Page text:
“People just have to accept how things are now, and that if they are saying things or posting pictures on a public forum, then anybody can see it and it could end up in the newspapers,” Karawana said.

On the same note, James Elias, a current reserve-grade player for the Knights, resonates with the same lessons learnt by Karawana during his time at the club. Elias, unlike a lot of players, is not on Twitter but still understands the pitfalls involved on other platforms of social media.

“They [Newcastle Knights] do social media sessions every year, one or two sessions just before pre-season. It’s more like a lecture, a lecture where they just hammer everything into you about what they expect from you and what not to put up in social media,” Elias said.

“They give you advice to obviously watch what you put up on Facebook and all that sort of stuff. Putting photos up of you in Knights clothing – you’re not allowed to do it. Make sure what you’re putting up isn’t rude or isn’t going to bring the club into disrepute.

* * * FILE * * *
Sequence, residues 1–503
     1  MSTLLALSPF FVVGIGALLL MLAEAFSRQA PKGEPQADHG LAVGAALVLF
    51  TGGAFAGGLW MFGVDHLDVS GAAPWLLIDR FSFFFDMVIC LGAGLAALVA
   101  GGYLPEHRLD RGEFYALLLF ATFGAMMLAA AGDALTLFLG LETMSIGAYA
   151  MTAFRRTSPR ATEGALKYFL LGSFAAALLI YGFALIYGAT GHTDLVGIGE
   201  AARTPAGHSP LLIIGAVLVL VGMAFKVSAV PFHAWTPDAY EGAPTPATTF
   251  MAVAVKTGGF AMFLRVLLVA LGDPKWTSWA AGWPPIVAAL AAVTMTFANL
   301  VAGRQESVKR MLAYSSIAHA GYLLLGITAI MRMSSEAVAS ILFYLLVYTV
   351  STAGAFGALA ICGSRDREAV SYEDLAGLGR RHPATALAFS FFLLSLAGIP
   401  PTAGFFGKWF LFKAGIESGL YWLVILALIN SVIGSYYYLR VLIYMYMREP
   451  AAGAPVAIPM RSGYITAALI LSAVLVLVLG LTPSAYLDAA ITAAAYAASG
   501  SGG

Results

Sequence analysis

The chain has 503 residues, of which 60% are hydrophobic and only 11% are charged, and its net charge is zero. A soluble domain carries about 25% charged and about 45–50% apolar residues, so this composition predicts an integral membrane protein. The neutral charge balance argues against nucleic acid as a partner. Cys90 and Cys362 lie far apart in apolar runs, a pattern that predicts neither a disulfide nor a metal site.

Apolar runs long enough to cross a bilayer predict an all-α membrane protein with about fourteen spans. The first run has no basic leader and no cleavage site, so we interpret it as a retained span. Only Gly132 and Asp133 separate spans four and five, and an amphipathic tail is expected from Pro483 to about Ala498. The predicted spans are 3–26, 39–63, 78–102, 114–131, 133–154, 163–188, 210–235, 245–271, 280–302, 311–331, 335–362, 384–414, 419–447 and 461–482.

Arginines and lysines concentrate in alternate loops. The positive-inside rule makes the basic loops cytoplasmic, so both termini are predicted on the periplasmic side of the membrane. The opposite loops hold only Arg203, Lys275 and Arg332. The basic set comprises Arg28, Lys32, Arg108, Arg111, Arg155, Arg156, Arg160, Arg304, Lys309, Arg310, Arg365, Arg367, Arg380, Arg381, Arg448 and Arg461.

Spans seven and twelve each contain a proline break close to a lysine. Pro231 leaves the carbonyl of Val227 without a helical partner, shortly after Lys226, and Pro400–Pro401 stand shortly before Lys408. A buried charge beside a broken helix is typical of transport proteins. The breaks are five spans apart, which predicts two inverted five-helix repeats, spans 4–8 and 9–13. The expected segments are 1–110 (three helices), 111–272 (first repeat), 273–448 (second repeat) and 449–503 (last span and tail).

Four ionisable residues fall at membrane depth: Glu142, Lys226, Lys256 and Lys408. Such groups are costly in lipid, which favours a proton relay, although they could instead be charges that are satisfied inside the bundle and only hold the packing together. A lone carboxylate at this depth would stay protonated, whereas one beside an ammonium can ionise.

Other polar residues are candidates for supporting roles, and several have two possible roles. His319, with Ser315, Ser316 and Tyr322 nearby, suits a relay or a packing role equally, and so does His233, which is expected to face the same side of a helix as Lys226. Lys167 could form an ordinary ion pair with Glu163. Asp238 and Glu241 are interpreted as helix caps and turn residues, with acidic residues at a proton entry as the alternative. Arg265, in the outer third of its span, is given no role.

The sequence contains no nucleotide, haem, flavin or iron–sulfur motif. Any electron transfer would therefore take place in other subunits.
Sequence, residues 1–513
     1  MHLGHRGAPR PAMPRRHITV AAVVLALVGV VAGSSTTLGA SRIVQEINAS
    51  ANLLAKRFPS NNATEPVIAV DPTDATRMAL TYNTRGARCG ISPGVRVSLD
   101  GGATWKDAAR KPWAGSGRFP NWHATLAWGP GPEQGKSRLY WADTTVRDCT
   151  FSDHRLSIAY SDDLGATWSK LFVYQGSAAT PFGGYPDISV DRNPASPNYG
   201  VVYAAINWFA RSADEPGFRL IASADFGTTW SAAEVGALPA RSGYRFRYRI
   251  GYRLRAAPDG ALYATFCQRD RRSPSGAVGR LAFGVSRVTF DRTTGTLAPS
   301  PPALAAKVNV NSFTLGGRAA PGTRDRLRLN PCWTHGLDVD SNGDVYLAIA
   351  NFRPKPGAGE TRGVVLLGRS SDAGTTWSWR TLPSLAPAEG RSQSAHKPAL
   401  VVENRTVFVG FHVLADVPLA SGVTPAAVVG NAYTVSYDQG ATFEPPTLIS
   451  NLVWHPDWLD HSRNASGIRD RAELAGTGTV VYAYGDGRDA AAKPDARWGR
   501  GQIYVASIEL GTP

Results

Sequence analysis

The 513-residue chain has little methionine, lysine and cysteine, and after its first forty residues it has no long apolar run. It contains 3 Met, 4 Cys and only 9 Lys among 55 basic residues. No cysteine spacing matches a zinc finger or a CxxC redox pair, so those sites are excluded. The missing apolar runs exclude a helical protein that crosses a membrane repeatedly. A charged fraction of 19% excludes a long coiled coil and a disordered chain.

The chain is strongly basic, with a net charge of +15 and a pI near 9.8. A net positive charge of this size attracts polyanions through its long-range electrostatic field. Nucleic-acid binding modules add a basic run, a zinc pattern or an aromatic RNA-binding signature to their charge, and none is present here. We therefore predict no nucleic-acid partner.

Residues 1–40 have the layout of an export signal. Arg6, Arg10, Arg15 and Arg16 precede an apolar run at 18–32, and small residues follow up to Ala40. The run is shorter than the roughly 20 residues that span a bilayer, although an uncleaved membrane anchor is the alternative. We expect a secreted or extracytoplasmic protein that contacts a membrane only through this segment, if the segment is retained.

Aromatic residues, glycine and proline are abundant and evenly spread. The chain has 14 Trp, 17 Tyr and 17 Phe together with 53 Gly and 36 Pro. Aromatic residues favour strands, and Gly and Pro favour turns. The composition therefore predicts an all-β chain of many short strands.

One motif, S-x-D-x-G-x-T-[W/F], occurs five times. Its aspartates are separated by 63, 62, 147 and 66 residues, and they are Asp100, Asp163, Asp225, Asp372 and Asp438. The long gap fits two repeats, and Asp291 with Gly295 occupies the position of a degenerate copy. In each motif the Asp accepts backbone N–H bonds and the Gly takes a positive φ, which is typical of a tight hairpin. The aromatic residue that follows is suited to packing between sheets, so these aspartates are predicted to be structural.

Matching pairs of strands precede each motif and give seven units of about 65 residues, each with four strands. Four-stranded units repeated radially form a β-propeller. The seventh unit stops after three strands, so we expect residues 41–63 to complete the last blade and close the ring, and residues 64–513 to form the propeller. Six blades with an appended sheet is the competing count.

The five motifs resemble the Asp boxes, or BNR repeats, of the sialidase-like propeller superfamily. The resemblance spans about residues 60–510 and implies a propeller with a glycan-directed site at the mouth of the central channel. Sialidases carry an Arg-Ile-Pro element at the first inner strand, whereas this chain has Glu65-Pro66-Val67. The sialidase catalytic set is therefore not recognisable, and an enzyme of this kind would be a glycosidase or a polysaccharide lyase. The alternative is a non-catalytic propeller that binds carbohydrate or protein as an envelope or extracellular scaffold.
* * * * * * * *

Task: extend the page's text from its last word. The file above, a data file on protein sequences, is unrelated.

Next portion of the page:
“When they do have instances through the season, like the Josh Dugan stuff, they’ll bring us in and talk about it and highlight why it’s a good idea not to put stuff like that on social media.”

So what has Elias taking from his time in the lectures involving social media etiquette?

“I definitely try and keep everything I have on the internet at a minimum and write stuff that isn’t out there. I keep it generic. Even if I wasn’t a football player, I would definitely keep as much personal details as possible off social media,” Elias said.

“If you’re putting yourself out there by saying all that sort of crap like Josh Dugan was… well then you know he pretty much deserved it. I think there’s a certain line you cross. It comes back to an individual being accountable.”

Accountability is a word that has been mentioned a lot. As social media grows and expands into news media, such stories are going to come from these platforms if a rugby league player isn’t careful.  Nicholas Janzen, a journalist at Big League and NRL.com, believes that social media use is the same as driving a car or walking the streets or doing anything else that requires some level of responsibility in society.

“There’s a proper way to use it and there’s an improper way to use. Obviously some people take time to understand how to use it correctly… people have lived and learned and suffered consequences from what they’ve said on social media,” Janzen said.